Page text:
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3rd February
written by Tellus

The arrival
After being picked up at the airport, made a stop by walmart and a guy named Slippy, to check out his PA and listen in to a little jam session, taking over the wheel for the drive «home» and driving almost 2 miles on a dirt road into the jungle in pitch black, I was welcomed by flash lights, a bunch of friendly people and coconut bliss – which became my new acciles heal and addiction – my reintroduction to ice cream after a 5+ year separation.

The cause and expectations
GY is a permaculture community located on the Big Island of Hawaii. My primary reason for visiting here was to eat healthy foods in a supportive environment in an effort to improve my western medicine (read antibiotics) wrecked body. I quit my last job in April feeling I couldn’t deal with the constant food poisoning issue anymore, and after some research – in an act of last resort and desperation – I eventually got in contact and started planning my stay with GY.

The setting
During my stay I have been living in the men’s dorm, which is basically an open area with mosquito tented matresses and a tarp ceiling. The idea and first impression of it seems alright and livable, and the coqui frogs make for great evening music. The less appealing sides to this are the mosquitos, various bugs, sometimes damp & cold bed and last but not least rats rummaging around the camp at various times during the day and throughout the night! – I needed headset for that, so no more coqui frog music either..

The entire site is solar powered, meaning we could run low on power at times – this was however only a real problem when it came to washing clothes, which had to be performed on the sunny days, which I never really found to be much of an issue.

Showers area were outdoors, with surrounding bamboo walls, passively heated water and unisex. I quite liked the spacious feeling of the showers and the rain water, in contrast to foul chlorine smelling water, was great. The very basic composting toilet buckets with melikoi leaves for TP and swirling mosquitos I never got quite comfortable with however.

The Landing, which is the communal building, is where we prepared our foods, had our morning meetings, connected to the world wide web and just hung out in community. Coming from a sterilized western society the change can be quite drastic, but most of it I felt right in tune with, bacteria and all – although I must admit the constant running around of the pets, especially the cats climbing around on the counter at any hour of the day, was a bit disturbing.

And lastly, my favourite place (except for it’s sometimes denseness of mosquitos and fruit flies) which made the more uncomfortable parts worth it, the CocoBar!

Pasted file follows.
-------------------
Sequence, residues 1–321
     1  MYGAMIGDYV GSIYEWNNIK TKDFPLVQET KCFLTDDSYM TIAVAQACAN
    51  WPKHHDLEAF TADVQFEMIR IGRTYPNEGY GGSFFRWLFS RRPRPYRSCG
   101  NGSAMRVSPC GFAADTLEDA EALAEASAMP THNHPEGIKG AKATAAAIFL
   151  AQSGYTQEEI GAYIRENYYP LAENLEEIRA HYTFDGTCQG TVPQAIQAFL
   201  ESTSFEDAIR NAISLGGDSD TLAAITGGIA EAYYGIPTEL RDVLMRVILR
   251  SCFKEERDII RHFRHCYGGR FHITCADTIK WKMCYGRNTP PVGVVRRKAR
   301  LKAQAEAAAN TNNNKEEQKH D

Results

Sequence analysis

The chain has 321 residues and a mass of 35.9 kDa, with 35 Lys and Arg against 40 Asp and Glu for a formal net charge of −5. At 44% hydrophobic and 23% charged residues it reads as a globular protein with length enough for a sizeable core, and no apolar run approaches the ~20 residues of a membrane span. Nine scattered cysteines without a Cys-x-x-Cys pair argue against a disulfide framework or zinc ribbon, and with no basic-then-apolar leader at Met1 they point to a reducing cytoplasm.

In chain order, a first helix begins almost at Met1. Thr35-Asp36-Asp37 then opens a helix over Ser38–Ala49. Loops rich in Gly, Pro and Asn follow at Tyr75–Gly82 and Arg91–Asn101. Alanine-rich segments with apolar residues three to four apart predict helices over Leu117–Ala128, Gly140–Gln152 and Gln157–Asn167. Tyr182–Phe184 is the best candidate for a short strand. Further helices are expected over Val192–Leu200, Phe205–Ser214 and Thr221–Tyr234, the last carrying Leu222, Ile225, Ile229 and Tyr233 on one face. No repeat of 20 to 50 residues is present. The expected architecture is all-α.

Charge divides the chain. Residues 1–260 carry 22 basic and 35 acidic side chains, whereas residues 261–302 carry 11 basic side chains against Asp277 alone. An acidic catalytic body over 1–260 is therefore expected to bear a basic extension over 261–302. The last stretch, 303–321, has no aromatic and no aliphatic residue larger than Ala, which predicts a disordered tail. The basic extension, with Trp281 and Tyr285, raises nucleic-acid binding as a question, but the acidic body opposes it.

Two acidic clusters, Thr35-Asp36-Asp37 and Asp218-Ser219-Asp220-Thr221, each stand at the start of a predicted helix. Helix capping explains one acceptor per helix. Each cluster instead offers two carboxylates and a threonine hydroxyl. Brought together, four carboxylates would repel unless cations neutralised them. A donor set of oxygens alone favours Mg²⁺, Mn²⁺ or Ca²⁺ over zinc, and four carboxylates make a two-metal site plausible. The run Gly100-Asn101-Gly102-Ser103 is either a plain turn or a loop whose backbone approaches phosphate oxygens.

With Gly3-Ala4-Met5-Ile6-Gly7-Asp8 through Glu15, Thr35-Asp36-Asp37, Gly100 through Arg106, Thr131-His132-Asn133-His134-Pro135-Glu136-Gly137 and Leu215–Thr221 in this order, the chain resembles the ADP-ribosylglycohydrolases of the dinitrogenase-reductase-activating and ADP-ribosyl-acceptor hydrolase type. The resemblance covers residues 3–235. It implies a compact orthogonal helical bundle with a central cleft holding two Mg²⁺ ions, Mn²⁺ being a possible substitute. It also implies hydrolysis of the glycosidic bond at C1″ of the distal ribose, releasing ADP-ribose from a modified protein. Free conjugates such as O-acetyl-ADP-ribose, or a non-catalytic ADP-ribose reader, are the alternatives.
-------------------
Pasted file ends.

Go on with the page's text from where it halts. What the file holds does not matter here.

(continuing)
Every saturday was cocoing day, and sometimes wednesday if supply was running short.

On my first Saturday here I came along for the cocoing with the guru cocoer, Mr A, who free climbs 10-15 coconut trees a week. I was mostly ground crew, lowering down the branches he strapped on and cut loose, but after seeing him in action on a couple of trees I went off on my first coconut climb – which also became the last for a while, leaving me a couple inches from the top, flesh wounded on both palms and a big hickie on the chest 🙂

I never got to master coconut climbing during my 7 weeks at the Big Island, but I will eventually. I did climb for a small coconut during my later travels, but that tree was too short to count. Maybe I’ll find a suitable tree in the US or British Virgin Islands.

The CocoBar gave me so many goods – juices young and mature, young jelly meat and older hard meats, coconut sprouts and of course the mixture used for juicing to cream or blending for ice cream and pure heaven 😀

The foods
As my main reason for visiting was to improve my health by diet, it makes sense to have a short review of my foods throughout the stay. My primary foods have been Coconut in the form of young jelly meat, older meat and sprout, as well as all the various coconut juices contained within.. Once a week we made our meat order, and except for some heart, liver and top sirloin my main meat has been Beef cut for BBQ. It is very thin slices of beef that are very easy to handle and tear apart when eating with my hands only – with a few exceptions (bon fire, thanks giving dinner..) I ate all my meats raw for my one month stay, which felt really easy and natural in this setting. I also kept eating raw meats initially after leaving GY to explore the island, keeping fresh meat in a glass jar, but over the weeks (and as my quality of supply got worse) I ended up cooking most of my meat again. Just a few weeks after going back to cooked meats I can feel the lack of nourishment satisfaction and will look at getting back to raw meats after my January travels (More on that later).

Except for the coconut and meat I ended up eating a lot more fruit during my stay than initially imagined. There might be a short post about the various fruits I got to taste while on the Island, but for now I’ll just let you know some of the fruits I ate were papaya, mango, soursop, jack fruit, atemoya, lilikoi and even bananas (the tiny kind).

Check back soon for a compilation of activities and events during my Big Island experience 🙂

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